Monday, June 25, 2012

Tupac from the dead (Sorry...)

Today, on the 3rd anniversary of Michael Jackson's death - I began thinking of the groundbreaking ways in which he used technology to enhance his fans' experience of his craft - be it in live concerts or his music videos (climbing out of a gargantuan spaceship on stage and utilizing 3D technology in the fated 'This Is It' concerts being just two examples that come to mind).

With this in mind, I unearthed a story published by the UK's Telegraph newspaper, stating that the Jackson 5 may have plans to 'resurrect' Michael with a holographic incarnation of the singer for their upcoming tour. Though, this is not an entirely new idea. Madonna did it with animated pop band Gorillaz at the 2006 Grammy Awards, and famously in April - long-time dead Tupac Shakur 'performed' on stage in all his holographic glory during Dr. Dre and Snoop Dogg's Coachella set. Below is the YouTube video where you can see the technology in action, I think you'll see why the breathtakingly realistic projection of one of hip hop's greatest icons really set tongues wagging.

Beware; there will be profane language littered about the footage like confetti at a wedding. It is Tupac after all...


Despite the initial Star-Trek-is-upon-us reaction I first had to the video; the theoretical technique used to create this illusion is actually 150 years old; first developed by John Henry Pepper in 1862 as a theatrical trick for magicians.

In terms of adding to the live music experience, I think it's a fantastic, logical evolution of 3D technology. Though its use in these instances to 'raise' musicians from the dead has divided opinion among music industry moguls; some calling it macabre, but it really depends on the way it is actualized. If holographic technology adds to a concert experience like it did for Tupac and Snoop; allowing fans to love and connect with their icons for a little while longer even after death; I don't see the need to start trekking up to moral high ground and setting up camp. I would definitely pay to see Michael Jackson moonwalk alongside his brothers one more time; the novelty of such an opportunity at this point in time would be a huge draw for fans.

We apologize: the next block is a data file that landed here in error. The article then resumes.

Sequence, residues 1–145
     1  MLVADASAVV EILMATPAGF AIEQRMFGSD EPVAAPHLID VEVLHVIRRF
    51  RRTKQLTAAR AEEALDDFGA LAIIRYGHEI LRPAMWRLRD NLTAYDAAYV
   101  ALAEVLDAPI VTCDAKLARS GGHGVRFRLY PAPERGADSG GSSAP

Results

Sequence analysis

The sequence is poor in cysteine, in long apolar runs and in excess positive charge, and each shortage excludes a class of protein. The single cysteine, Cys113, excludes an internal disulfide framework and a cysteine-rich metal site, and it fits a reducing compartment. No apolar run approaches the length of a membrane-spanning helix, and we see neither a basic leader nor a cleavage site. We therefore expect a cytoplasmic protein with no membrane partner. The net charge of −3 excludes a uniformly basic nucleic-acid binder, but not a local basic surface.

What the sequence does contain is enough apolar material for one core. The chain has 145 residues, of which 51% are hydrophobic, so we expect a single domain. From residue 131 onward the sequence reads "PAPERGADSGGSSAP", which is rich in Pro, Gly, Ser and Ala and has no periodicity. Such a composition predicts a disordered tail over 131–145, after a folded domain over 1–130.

On the flip side is the cost of such a gimmick. Reports have stated that the hologram took months of development by a specialist team (and Dr. Dre) at Digital Domain, costing somewhere between $100-400,000. Perhaps once the constraints of cost and time limitations have been brought under control, holographic image technology could become a legitimate medium for the visual arts; be it film, TV or the advertising and marketing industries. The possibilities to reach out to consumers in new and exciting ways would be endless; since it provides not only the opportunity to present marketing campaigns differently, but also the chance for audiences to interact and engage with the brand in a completely new way. They could literally be enveloped by a brand experience.

What are you thoughts? Macabre madness or cool new medium? I know which way I'm leaning...

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